For this African American Man; there is Light, Even with Bipolar Schizophrenia
Listen to Executive Director Gabriel Nathan read this post aloud:
My life up to my mid-twenties was indeed blessed.
Then I was diagnosed with bipolar schizophrenia. When the sickness hit, it felt like a rug was yanked from under my feet; I did not want to be involved with the world or its people. I slept like a cat. Trust became a big issue for me. I didn’t believe anyone; my mother, the neighbor, not even my pastor. Everyone is out to get me, I thought. Paranoid. My grip on reality was loose. In essence; I had given up on life. That state of mind revealed issues that led me to seek help.
Things like shame, guilt, and embarrassment support the sickness. The diagnosis illuminated what was going on inside of me. I didn’t understand mental illness at the time or take it seriously. What spooked me the most were the opinions of others; what will people in my community think? I didn’t want the stigma associated with seeing a counselor or having a mental illness.
In the African American community, men are looked on as weak if they have any type of mental illness. Mental health is just not openly talked about or accepted which, of course, leads to further isolation.
The disease imprisons the mind. As of this writing, I’m fifty-three now, and I am finally finding my way out of my mental jail. I wanted to discover life before I died. I didn’t want to just exist. I wanted to soar. I had to find the courage to face the darkness.
The things that were holding me back were keeping my scheduled doctors’ appointments and not taking my medication. I had yet to own the fact that I was ill. All I had to do was embrace the healing process but I wanted my mind to be the way it was on its own.
Another key is that I wasn’t spiritually alive. I knew there was a God or a higher being but I had yet to form a relationship with him. Now I believe spirituality gives sight to live but back then being that far from reality, the shadows seemed like light.
So how and when did it turn around for me? It was when my mother died. The closest person to me in life was no longer here. I was on my own for real, not suicidal, but I had to get serious. I had to try. I had to try and live. I needed a new support system. I also needed to build integrity in myself. I needed some recent victories in my life and on my own—simple things like holding down a job, paying the bills, and keeping relationships. Action propelled me forward.
Life began to change for me when I passed by a church that a high school friend of mine was pastoring one sunny Sunday. I accepted that I would go into Victory Christian Center at least once and check it out. On that Sunday, as I was driving by outside the church at the entrance doors, one brother was giving an earnest hug to another, and that was it. In that hug, there was a lifeline. I knew on a visceral level that the help that I needed was inside that building. That was the beginning of me inching out of the shadows and turning to God and recovery. I needed love or death. Pure love.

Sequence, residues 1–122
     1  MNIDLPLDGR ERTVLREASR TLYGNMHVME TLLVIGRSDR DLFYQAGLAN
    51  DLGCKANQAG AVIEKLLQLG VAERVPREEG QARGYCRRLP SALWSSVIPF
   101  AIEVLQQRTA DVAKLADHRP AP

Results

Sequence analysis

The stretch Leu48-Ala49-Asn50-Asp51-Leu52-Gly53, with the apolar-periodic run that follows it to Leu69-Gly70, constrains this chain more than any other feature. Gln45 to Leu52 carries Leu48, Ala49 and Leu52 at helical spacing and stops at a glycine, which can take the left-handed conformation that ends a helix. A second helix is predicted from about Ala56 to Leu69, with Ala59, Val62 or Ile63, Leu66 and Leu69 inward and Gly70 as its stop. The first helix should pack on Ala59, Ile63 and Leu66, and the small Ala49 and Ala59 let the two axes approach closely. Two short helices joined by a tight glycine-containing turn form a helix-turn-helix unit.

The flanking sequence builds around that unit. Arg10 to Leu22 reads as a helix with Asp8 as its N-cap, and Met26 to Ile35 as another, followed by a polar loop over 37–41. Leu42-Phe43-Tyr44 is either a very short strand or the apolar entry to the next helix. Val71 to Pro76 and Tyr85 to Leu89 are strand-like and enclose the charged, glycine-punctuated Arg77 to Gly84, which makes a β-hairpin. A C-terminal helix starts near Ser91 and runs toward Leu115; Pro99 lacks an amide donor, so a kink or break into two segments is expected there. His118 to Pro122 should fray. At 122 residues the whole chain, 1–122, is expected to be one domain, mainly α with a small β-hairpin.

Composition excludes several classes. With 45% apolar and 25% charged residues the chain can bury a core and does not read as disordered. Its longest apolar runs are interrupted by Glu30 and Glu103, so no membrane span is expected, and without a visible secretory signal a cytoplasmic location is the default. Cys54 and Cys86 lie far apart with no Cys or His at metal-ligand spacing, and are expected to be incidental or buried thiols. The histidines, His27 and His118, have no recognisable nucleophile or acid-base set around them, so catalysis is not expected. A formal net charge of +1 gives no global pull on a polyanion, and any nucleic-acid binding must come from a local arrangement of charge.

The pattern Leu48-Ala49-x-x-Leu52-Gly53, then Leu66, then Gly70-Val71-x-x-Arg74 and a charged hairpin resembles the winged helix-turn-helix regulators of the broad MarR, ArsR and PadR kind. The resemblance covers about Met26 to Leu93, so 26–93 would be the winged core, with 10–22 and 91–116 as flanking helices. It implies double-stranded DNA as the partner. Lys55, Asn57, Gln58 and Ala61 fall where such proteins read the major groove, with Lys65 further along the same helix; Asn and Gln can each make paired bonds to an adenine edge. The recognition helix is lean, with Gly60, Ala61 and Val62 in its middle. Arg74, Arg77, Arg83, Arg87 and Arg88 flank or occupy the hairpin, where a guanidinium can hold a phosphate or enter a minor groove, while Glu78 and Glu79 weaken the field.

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This was the time of my life while attending church services when my feelings were coming back in floods. After each service, I would be an emotional wreck, weeping my eyes out. I was alive.
This wasn’t an overnight process for me; it took bravery on my part. I’m here to tell you that facing your demons and fear is worth it.
Moving closer to the light
“The way of the good person is like the light of dawn, growing brighter and brighter until full daylight. But the wicked walk around in the dark; they can’t even see what makes them stumble.”
All days were not sunshine, but I was becoming a better me. I was all in. Furthermore, I didn’t give up on days when I still struggled. I confessed to God my wrongdoings or thinking and was back at it anew the following day. You know how you drive down a street in a beautiful neighborhood and see the foundation of a home being put together? This was me at the time. I was being torn apart and put back together with truth, light, and love. My foundation in Jesus was being built. Along with my psychiatrist, who prescribes my medication, a real team was formed.
I go to the doctor now every three months but during the early stages, it was more like every two to three weeks. As I got better and acceptance was evident, appointments were spaced out. Appointments last for all of five minutes every three months. My psychiatrist asks about my life in general. Then he asks do I have any suicidal thoughts and if my behavior has been erratic. I don’t see a psychologist. It’s to the point now in my recovery where my relationship with the doctor is like taking your car for a checkup. The goal is to maintain.
I still live with ups and downs but, for me, they don’t seem to be anything abnormal. What I do with prayer and meditation seems to keep my day-to-day bright.
Additionally, living in the moment. Being present is monumental. It’s hard, but it can be done. Live your life at the moment. Let go of the past and don’t worry about the future. Our lives have enough trouble in them for today.
To wrap up, it’s a joy to be alive. I am grateful for my life and life in and around me. Life is beautiful. Faith over fear is needed in you as you move towards the light. Plus great medical attention. Awareness of confidence and fear will help guide you. This will lead to enhanced mental health.
I will always have to stay on medication and see a doctor for life, but you know what; I’m okay with that and at peace with my mental health. The mind is so essential to who you are you. You go to the doctor for a regular physical, so there is no reason why you shouldn’t go to a doctor for mental health checkups, too.